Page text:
Here at Quartz, our newsroom will be driven by a set of core obsessions. (Kevin talked about this strategy in a recent interview, and we’ll have plenty more to say about it as we approach our launch.) One of my obsessions is the Internet of Things, which refers to physical objects that can collect data and communicate, like plants that tweet when they’re thirsty or trash cans that report the news.
To slake my obsession and distract myself from work, I recently set up a lightbulb in our office that toggles on and off when someone mentions @quartznews on Twitter, among other rules. Now, when you interact with us, our newsroom is literally brightened.
The setup is fairly simple, thanks to some new products that help anyone with a nerdy curiosity play around with the Internet of Things. The lightbulb, pictured above, is plugged into a Belkin WeMo Switch, which was released last month. It connects to the Internet over WiFi, and an accompanying iPhone app lets you turn on and off any device plugged into the WeMo. (I use one at home to flip on my AC before getting home.)
In addition to manual control with your phone, it’s also possible to give the switch a bit of a Web-connected brain. Belkin has partnered with ifttt, a Web service that stands for “if this, then that.” That allowed us to set some rules for our little lightbulb: if something happens, then flip the switch. Here’s what we came up with:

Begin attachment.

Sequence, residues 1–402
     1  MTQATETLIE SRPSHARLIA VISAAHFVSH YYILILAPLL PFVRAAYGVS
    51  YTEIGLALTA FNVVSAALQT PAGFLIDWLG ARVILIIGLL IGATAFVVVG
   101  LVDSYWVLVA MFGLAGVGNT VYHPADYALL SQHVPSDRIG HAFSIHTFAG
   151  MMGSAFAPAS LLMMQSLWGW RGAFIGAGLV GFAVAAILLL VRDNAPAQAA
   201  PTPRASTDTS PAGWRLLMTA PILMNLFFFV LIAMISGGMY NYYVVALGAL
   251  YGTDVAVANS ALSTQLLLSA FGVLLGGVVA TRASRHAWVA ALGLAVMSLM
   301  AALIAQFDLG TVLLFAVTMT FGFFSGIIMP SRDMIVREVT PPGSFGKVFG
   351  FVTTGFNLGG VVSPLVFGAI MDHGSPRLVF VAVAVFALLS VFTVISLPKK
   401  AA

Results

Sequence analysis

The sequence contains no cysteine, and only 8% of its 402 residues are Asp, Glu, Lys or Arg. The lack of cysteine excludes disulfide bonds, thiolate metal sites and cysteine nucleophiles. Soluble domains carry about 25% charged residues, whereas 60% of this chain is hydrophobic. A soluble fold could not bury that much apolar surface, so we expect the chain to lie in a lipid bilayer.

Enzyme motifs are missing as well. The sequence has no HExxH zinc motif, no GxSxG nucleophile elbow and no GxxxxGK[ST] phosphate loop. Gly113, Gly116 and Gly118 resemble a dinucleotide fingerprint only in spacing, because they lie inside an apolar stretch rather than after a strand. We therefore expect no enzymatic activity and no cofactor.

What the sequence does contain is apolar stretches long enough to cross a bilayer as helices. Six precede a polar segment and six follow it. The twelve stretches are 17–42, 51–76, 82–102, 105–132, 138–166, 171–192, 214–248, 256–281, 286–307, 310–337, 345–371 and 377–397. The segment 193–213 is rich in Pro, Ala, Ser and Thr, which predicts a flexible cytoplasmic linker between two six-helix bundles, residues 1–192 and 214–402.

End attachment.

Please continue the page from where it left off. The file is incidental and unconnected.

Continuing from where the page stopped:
Facebook’s share price dipped below $20 on Thursday and Friday last week. And China has won 77 medals so far at the Olympics. (The latter data comes from an API built by ESPN, which is nice because we’re pro-collaboration here at Quartz.) But the most interesting and meaningful, if not exactly practical, trigger is the one that lights up our newsroom when @quartznews is mentioned on Twitter. It’s a nice manifestation of our relationship with Quartz users, without whom we’ll be in the dark.
Of course, there are plenty of other lights in our newsroom, we actually use TweetDeck to keep tabs of mentions, and having multiple triggers means it’s sometimes unclear whether Facebook is tanking or we’re blowing up on Twitter. We should probably pare it down to a single rule. But for now, we’re just playing around. When devices and sensors are hooked up to the Web, the possibilities unfurl in lots of directions.
The lightbulb awaits your tweets…
If something they post goes viral, they’re going to be in trouble.